There were over 44,000 finishers of the 2018 Bank of America Chicago Marathon, but perhaps few who had defied odds quite as large as those stacked against Carol Foote.
Carol – a newly-turned 60-year-old from Dunedin, New Zealand, spends her days working in her local cardiology unit, but her entire life is spent dealing with her own heart problems.
Diagnosed with CPVT (Catecholaminergic Polymorphic Ventricular Tachycardia), after losing her twin sister and sister to the same condition in their 20s, she had an implantable defibrillator inserted aged 50.
Determined to make the most out of life she continually challenges herself in the great outdoors and has more than 30 marathons to her name (with a few ultras thrown in). A list that grew when she crossed the finish line in Grant Park in October in a time of 4:08.
A few hours after she finished in the Windy City she said: “The event was very well organized. There was an amazing number of aid stations and I loved all the support. This was the biggest event I’ve ever been part of.
“I do most of my running on the mountains and trails of New Zealand, but me and my two friends have qualified for Boston so maybe I will be adding to my one-star success after all…”
Carol could be described as a walking miracle. The defibrillator has saved her life nine times. Nine adventures in the great outdoors where excitement and adrenaline almost turned into tragedy. Nine chances to keep living that her sisters weren’t so fortunate to get. Nine realizations that she is not invincible and to treasure every day that she has.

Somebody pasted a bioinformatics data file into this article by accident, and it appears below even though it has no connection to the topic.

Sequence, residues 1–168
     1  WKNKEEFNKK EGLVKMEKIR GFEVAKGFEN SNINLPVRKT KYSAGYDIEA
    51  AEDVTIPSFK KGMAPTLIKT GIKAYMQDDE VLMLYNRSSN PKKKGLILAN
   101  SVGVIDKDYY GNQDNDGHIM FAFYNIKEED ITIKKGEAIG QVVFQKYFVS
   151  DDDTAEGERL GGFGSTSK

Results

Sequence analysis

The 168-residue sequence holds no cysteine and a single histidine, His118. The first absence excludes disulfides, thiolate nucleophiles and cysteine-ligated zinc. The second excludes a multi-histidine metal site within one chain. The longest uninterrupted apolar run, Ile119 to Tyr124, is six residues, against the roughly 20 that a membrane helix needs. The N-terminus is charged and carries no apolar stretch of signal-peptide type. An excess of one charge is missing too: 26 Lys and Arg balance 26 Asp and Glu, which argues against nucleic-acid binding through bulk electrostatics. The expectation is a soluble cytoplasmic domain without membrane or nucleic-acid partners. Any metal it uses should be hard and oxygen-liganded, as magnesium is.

Europe, South America, Nepal and now Chicago. Carole has explored the highlands and lowlands of many amazing places around the world, taking every challenge in her stride with the support of her good friends along the way.
After losing her sisters (she is one of six siblings) she set herself the goal of visiting four or five new places every year and to visit Everest Base Camp and follow in the footsteps of her fellow Kiwi Sir Edmund Hillary. Two of her friends joined her for the Bank of America Chicago Marathon and followed it up with a visit Lake Michigan, onto Niagara Falls then down to New York to end their 60th celebrations.
“I ran my first marathon in 1987 (Christchurch, New Zealand), and have been running ever since. The hardest thing about running is putting your shoes on!
“I’ve learnt to value every day and every opportunity handed to you. My running mates have become my best friends and age is no barrier to friendship, therefore I see it as no barrier to my running.”